Requisite: ECON 360/361. Limited to 15 students. Professor Blackwood. Fall semester.
ENGL-444 - Emily Dickinson
“Experience is the Angled Road / Preferred against the Mind / By–Paradox–the Mind itself–” Emily Dickinson explained in one poem and in this course we will make use of the resources of the town of Amherst to play experience and mind off each other in our efforts to come to terms with her elusive poetry. The course will meet in the Dickinson Homestead, visit the Evergreens (her brother Austen’s house, and a veritable time capsule), make use of Dickinson manuscripts in the Amherst College archives, and set her work in the context of other nineteenth-century writers such as Helen Hunt Jackson, Walt Whitman, Edgar Allan Poe, and Harriet Jacobs. But as we explore how Dickinson’s poetry responds to her world we will also ask how it can speak to our present. One major project of the course will be to develop exhibits and activities for the Homestead that will help visitors engage with her poems.
Open to juniors and seniors. Limited to 12 students. Fall semester. Professor K. Sánchez-Eppler.
ENST-330 - Environmental Justice
From climate change to water and air pollution, environmental degradation harms some groups of people more than others. Today, communities of color in the global North are disproportionately harmed by environmental contamination. The global South writ large faces far more environmental health issues than the global North. And women face unique harms from environmental degradation across the world. Why do these disparities exist? Should everyone have equal access to the same environmental quality, and whose responsibility is it to ensure this in the United States and globally? In this seminar, we will explore how and why factors like race, gender, colonial histories, and contemporary poverty shape the impacts of environmental problems on different communities. We will critically examine the theories and issues of environmental justice and political ecology. Beginning with a review of the history of the U.S. environmental justice movement, we will examine the social and environmental justice dimensions of U.S. and international case studies of fossil fuel extraction, tropical deforestation, urban industrial production, and agricultural intensification. The course will require students to write position papers, facilitate discussions, and produce a final case study analysis of a contemporary environmental justice issue of choice with recommendations for action.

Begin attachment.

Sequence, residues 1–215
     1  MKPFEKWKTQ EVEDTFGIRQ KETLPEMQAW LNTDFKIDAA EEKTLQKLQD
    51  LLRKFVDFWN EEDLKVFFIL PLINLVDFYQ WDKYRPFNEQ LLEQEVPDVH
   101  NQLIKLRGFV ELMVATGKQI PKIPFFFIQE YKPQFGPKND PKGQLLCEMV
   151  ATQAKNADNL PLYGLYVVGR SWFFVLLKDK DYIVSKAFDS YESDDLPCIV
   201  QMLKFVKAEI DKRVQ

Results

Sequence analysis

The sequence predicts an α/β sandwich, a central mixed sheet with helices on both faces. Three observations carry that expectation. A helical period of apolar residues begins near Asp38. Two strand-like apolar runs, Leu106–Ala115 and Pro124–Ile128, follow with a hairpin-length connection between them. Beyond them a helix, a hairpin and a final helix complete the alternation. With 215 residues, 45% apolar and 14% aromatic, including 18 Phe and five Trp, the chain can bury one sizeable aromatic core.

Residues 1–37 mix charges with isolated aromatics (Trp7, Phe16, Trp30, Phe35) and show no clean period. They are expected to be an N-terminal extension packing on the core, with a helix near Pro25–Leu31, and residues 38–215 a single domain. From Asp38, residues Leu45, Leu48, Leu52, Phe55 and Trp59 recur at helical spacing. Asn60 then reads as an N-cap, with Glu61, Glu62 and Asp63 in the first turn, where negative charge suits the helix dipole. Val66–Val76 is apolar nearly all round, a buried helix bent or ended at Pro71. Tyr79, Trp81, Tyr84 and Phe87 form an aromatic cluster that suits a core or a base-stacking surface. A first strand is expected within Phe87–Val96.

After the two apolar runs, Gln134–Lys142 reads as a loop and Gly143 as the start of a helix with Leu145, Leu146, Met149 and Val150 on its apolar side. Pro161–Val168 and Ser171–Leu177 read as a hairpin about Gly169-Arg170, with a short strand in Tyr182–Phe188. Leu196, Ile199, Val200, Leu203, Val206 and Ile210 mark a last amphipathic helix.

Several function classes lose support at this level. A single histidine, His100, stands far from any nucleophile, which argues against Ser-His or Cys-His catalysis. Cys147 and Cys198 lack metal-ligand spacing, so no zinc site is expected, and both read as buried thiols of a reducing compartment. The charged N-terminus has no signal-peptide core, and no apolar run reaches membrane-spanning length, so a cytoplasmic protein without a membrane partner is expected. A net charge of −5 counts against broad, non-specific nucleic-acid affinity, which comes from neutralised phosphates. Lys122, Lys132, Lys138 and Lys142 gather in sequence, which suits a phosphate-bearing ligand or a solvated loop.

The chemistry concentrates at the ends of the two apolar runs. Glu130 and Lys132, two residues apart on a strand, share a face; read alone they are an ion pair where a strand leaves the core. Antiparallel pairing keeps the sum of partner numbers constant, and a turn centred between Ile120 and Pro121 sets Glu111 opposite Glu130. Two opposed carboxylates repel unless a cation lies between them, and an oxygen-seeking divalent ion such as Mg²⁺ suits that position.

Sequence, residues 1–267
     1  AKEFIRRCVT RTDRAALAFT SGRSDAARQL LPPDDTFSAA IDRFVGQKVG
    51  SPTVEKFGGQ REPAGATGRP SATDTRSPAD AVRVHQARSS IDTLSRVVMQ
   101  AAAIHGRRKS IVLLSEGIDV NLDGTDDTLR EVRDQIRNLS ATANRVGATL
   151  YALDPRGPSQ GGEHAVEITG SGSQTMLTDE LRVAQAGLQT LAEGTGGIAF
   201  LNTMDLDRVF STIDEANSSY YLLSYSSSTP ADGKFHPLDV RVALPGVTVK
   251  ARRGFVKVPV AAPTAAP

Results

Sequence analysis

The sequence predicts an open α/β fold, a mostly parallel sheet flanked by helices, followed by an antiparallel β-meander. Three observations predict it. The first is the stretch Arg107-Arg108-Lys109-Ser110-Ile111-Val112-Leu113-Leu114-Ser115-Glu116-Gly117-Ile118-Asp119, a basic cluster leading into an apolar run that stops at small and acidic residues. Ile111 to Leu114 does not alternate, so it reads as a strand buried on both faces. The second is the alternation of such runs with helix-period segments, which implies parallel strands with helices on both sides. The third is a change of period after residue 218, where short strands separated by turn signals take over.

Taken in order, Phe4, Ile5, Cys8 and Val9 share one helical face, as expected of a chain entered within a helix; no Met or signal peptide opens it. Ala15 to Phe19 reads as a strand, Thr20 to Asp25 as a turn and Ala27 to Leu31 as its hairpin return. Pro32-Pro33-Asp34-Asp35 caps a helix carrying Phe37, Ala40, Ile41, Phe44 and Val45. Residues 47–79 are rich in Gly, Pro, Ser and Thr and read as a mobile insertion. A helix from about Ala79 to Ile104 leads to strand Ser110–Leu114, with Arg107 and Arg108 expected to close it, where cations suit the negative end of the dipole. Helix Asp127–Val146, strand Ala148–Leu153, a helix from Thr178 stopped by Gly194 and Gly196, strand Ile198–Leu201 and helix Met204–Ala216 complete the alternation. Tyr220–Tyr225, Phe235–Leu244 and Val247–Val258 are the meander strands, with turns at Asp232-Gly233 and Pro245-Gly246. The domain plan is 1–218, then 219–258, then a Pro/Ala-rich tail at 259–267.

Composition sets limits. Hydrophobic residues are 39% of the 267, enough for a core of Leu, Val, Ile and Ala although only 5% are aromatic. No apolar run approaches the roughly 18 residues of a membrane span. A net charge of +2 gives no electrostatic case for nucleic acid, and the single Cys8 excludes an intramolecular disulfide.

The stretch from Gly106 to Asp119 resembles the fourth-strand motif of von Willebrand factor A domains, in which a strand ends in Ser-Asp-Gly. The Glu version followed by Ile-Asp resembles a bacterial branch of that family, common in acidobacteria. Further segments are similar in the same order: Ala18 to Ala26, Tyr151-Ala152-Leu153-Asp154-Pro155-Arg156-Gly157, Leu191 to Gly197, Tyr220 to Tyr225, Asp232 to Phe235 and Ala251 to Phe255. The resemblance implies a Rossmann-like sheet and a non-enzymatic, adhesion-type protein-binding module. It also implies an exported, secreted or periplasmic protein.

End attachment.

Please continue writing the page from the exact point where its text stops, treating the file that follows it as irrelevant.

Requisite: ENST 120 or consent of the instructor. Limited to 18 students. Fall semester. Professor Ravikumar.
FYSE-106 - Language Crossing and Living in Translation
When did you start dreaming in a second language? Which translation of the Bible counts as the Word of God? Was Mary a virgin or a maiden? What happens to the immigrant children who need to the be interpreters in the life of their family? How much more tangled or how much more nimble is the wiring of the bilingual brain? What are we doing to our languages when we immerse in a new academic discipline? We will tackle these and other questions like these as we engage in the following units of study: (1) Babel and language differentiation and diffusion. (2) European translators from early modern humanism and the Reformation. (3) Case studies: Squanto, Malinche and the Navajo Code talkers. (4) Language in contemporary empires and resistance, migrations and globalization. (5) Language issues in gay and lesbian diasporas. (6) Bi- or multi-lingual education. (7) Literary practitioners of living in and out of translation: Luis de León, Vladimir Nabokov, Ngugi wa Thiong’o.
The seminar will work with the same texts, issues and exercise for about two-thirds of our time together. The other third we will concentrate on projects that emerge from the students’ own linguistic condition. Students will be required to delve into their own family archives looking for ancestors’ letters written in languages they cannot yet read. They will be encouraged to document/fictionalize the stakes of marrying into another language, or to study and report on the language crossings of their particular diaspora.
Despite the apparent advantage of having more than one language to engage in our work, this course has no prerequisites and its does not exclude monolinguals. When we talk about the cultural contributions, the headiness and the struggles of bi- or multi-lingual individuals, it will be invaluable to have interlocutors who think they live only in one language.
Fall semester. Lecturer B. Sánchez-Eppler.
FYSE-119 - Coexistence: Christians, Muslims, and Jews in Spain
A vital question in today’s multicultural societies is how individuals with different identities—religious, racial, ethnic, etc.—can live and prosper together. Participants in this seminar will explore the literature, culture, and history of Spain, where Christians, Muslims and Jews lived side-by-side for centuries. Through readings and class discussion, we will examine how varied relations between Christians, Muslims, and Jews developed and how writers from the three cultures treated questions of acculturation and assimilation, tolerance/intolerance, religion, and gender. Examining the context of medieval Spain will also serve as a means to help us think through issues of diversity in our world today. Primary sources will include literary texts, historical accounts, films, legal documents, and maps and will be supplemented by secondary critical texts. This is a discussion-based course and students will be expected to be active participants in class discussions. The course will also give special attention to writing, offering students a number of opportunities to edit and improve their written expression.